Every Montreal cyclist’s nightmare finally came true for Cole Shields this month: Someone stole his beloved bike.
One morning, he closed it against the railing of the stairs of his house in Hochelaga-Maisonneuve, facing the Parc Lalancette. When she got home late in the afternoon, she was gone.
Its far east district isn’t the safest for bikes, averaging just over 100 stolen bikes a year, but it’s far from the worst.
In absolute numbers, over the past four and a half years, more bicycle thefts were reported in the Plateau-Mont-Royal district than in any other district, according to data from the SMontreal City Police Service (SPVM) compiled by Breaking:.
In terms of the highest rate of bike theft, the eastern end of Ville-Marie is considered the worst, with 42 stolen bikes per 1,000 residents.
Those numbers may be even higher, an SPVM spokesperson said in an email, because in Montreal, a city that prides itself on its cycling culture, bike theft goes unreported.
The number of open bicycle theft cases has been fairly constant between 2019 and 2022, with an average of about 2,200 complaints filed annually.
Shields is just one of nearly 1,000 people whose bike was taken from the city this summer. Even Montreal Police Chief Fady Dagher had his stolen in June, according to the Journal de Montréal.
After Shields underwent a spinal fusion in 2018, getting hit on the bike hurt especially because the $700 bike had enough suspension to absorb the impact of countless Montreal potholes it had run into.
“When they took that away from me, they took away part of my freedom,” he said. “It’s a means of transportation. And with global warming, it’s something I can use without polluting.”
How to protect your bike
Although Vélo Québec CEO Jean-François Rheault says it’s impossible to make a bike completely theft-proof, there are steps cyclists can take to better protect their environmentally friendly ride.
For one, Rheault recommends keeping track of the bike’s serial number and registering for Garage 529 — a free app to track local bike theft reports and discourage theft.
As of the end of July, more than 20,200 bikes in Montreal were registered to Garage 529. The SPVM joined the app’s network in 2021.
“The more people use the database, the more robust it will be, so we encourage everyone to do so,” he said.
Even long-time bike owners fall prey to thieves.
Rheault says that many riders are unaware that they haven’t locked their bike securely, noting that he often sees bikes whose front wheel and frame are unlocked.
To deter casual opportunists, he recommends that cyclists invest in high-quality, heat-treated steel locks that cost at least $50, since many low-performance locks are made of zinc, a soft metal, which is less resistant to chipping. cable cutters saws and hammers.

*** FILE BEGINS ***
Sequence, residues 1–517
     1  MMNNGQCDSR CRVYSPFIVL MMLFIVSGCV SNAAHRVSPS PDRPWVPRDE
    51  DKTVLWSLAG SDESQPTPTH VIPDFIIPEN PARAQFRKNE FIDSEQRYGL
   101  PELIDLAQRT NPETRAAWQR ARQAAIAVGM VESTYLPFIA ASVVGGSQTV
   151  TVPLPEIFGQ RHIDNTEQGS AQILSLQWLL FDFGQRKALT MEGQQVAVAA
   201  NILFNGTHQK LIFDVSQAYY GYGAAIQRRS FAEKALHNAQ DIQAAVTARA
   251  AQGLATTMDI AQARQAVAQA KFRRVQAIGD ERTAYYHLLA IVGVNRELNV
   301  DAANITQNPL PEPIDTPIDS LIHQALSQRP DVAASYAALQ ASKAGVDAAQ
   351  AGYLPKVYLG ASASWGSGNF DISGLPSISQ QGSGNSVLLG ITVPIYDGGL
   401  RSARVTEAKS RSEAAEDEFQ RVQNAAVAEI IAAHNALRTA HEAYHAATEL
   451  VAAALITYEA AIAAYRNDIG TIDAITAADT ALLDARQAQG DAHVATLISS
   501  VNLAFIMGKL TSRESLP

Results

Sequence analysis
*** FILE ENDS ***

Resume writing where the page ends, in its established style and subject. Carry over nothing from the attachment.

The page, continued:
It’s also worth installing a GPS tracker or Airtag for cyclists in case they need to search for their bike.
“If someone wants to steal it, I think they can always find a way, but creating multiple defenses is something that people can do,” Rheault said.
Possible public bike storage
Rheault believes that the availability of more indoor bike storage would deter people from outright robbery in broad daylight.
“The city is aware of the problem of bicycle theft and is working with various partners to counter this problem,” Montreal spokesman Hugo Bourgoin said in a statement.
Montreal’s transit authority, the Société de Transport de Montréal (STM), has a bike shelter throughout its network. The shelter, intended for Metro users, is discreetly located behind the Lionel-Groulx station.
For now, there are no plans to build others, an STM spokesperson said.
Bourgoin says Montreal’s sustainable mobility agency is evaluating business models that could support building safe bike spaces before making any recommendations.
Ideally, a new approach to public bike storage would be implemented in 2024 as part of the rollout of new mobility hubs, he added.
Knowing that many Montrealers are struggling with the cost of living and finding permanent housing, Shields says she doesn’t hold a grudge against anyone who feels they need to steal bikes to survive.
“I want to hope it was someone who really needed food,” he said.
Assuming the police tell him he has “bigger fish to solve” than pursuing bike theft cases, he says he’s considering filing a complaint as a last resort.
“Now that the police chief himself has had his bike stolen, he might want to prioritize it again,” he said.